Paribu, which allows Turks to use their bank accounts to buy and sell crypto in Turkish lira, has seen its user base grow from around 1.5 million when it opened in 2021 to 5 million by now. the end of the year, while the average daily trading volume increased by $20 million. day in 2020 to over $500 million by the end of 2021.
And local exchanges like Paribu and BTCTurk aren’t the only option for the country’s growing legions of crypto investors. Global exchanges like Binance and Coinbase also operate in Turkey.
The exact number of investors in Turkey holding cryptos is difficult to estimate as not all exchanges have made their data public. But Sert says experts have estimated it to be between 10 and 11 million people.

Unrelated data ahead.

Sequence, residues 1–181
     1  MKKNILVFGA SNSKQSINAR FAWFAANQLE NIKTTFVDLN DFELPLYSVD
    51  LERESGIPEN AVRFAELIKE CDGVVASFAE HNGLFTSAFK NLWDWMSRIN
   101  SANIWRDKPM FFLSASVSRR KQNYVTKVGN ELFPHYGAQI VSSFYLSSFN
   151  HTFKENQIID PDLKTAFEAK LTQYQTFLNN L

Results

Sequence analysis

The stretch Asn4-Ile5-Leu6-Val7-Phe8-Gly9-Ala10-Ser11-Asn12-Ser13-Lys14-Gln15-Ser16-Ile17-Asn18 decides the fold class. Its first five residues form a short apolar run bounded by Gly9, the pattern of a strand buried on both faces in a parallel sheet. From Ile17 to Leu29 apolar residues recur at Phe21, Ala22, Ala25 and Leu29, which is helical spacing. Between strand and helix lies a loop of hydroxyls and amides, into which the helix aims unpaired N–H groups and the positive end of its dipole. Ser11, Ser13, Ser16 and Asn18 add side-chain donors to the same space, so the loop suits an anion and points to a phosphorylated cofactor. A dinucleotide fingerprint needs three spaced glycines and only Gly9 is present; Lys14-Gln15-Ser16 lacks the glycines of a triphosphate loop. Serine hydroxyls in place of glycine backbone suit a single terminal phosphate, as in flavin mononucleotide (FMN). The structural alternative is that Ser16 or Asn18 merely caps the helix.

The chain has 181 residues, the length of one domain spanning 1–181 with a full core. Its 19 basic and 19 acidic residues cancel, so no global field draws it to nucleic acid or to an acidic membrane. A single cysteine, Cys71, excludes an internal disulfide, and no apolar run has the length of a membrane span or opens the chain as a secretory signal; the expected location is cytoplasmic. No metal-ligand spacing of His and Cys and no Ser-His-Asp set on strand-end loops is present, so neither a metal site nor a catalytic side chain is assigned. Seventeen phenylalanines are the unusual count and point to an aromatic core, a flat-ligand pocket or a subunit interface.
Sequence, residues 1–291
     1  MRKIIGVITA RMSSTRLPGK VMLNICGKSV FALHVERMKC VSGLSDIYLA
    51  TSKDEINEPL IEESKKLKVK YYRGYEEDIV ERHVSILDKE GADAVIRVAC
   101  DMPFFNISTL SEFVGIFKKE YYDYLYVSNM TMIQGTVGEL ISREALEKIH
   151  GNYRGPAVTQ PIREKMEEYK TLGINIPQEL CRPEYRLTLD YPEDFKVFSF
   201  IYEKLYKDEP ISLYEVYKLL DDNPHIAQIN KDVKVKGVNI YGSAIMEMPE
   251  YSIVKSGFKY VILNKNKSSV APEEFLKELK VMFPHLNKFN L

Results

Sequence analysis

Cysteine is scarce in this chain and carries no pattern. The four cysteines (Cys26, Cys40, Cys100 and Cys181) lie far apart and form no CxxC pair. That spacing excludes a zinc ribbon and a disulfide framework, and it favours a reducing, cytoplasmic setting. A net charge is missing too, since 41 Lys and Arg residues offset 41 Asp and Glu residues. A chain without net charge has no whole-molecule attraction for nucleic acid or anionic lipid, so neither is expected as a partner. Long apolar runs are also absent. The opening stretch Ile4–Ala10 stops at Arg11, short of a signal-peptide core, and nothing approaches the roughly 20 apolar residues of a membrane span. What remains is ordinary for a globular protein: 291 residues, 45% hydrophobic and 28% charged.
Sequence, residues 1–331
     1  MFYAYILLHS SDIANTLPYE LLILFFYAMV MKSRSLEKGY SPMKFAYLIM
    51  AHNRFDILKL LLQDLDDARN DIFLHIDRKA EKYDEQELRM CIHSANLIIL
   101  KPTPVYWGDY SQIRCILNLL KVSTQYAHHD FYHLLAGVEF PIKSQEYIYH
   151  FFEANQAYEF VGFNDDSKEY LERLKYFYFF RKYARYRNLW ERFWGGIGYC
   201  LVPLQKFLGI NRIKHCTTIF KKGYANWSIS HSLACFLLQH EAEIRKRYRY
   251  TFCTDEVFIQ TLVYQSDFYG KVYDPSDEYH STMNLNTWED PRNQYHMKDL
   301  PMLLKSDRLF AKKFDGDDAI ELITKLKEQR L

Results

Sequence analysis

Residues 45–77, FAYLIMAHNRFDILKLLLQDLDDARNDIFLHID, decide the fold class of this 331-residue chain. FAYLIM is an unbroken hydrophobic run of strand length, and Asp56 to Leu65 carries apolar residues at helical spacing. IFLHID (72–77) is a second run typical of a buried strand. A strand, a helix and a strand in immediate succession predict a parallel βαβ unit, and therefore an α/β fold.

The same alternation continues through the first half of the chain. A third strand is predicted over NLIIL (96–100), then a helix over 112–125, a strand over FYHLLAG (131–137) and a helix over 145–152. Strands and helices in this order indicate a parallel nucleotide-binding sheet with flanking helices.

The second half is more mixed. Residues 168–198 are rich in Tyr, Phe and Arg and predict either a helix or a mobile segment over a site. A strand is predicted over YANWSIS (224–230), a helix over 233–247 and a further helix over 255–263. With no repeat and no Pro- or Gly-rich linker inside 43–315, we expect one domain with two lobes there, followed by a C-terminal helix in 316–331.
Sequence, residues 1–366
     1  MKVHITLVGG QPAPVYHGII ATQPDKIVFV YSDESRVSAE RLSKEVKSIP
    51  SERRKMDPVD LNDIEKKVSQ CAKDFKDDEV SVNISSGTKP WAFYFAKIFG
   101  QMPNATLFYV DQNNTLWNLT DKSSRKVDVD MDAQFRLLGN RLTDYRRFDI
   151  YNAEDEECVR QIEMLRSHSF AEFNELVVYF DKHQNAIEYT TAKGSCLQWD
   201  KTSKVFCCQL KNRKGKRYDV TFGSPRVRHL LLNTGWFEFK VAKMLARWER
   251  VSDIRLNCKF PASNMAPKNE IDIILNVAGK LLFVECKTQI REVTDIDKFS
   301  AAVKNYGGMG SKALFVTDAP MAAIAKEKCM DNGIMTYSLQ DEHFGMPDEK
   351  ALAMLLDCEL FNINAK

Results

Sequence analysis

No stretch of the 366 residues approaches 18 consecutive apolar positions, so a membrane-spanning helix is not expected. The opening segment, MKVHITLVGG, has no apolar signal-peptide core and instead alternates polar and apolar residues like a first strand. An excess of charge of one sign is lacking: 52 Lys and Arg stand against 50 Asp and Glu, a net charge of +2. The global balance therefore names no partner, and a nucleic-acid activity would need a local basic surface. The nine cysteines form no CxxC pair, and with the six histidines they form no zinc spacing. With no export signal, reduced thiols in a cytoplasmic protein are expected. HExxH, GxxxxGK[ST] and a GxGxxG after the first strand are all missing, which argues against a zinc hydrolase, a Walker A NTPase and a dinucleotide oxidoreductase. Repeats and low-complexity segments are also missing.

“If cryptocurrencies in Turkey formed their own political party, they would be the third largest party in parliament,” said Sima Baktas, a cryptocurrency lawyer and co-founder of nonprofit CryptoWomen Turkey. lucrative organization that hosts crypto seminars and workshops to raise awareness.
Baktas, who estimates that at least 14 million out of Turkey’s population of 84 million now hold cryptocurrencies, said the increasingly popular trend is driven by a young population that is both familiar with the online world and eager to find a way to protect her savings. against the depreciation of the lira.
“It wasn’t difficult to adapt to the crypto industry because we already had such big potential,” she said. “After that, of course, came the Turkish lira, and the economic situation we have today, which is getting worse and worse, and people are trying to find a reliable financial instrument for their savings.”
Challenging bad publicity
Crypto’s popularity has exploded despite years of government warnings about the sector’s infamous volatility.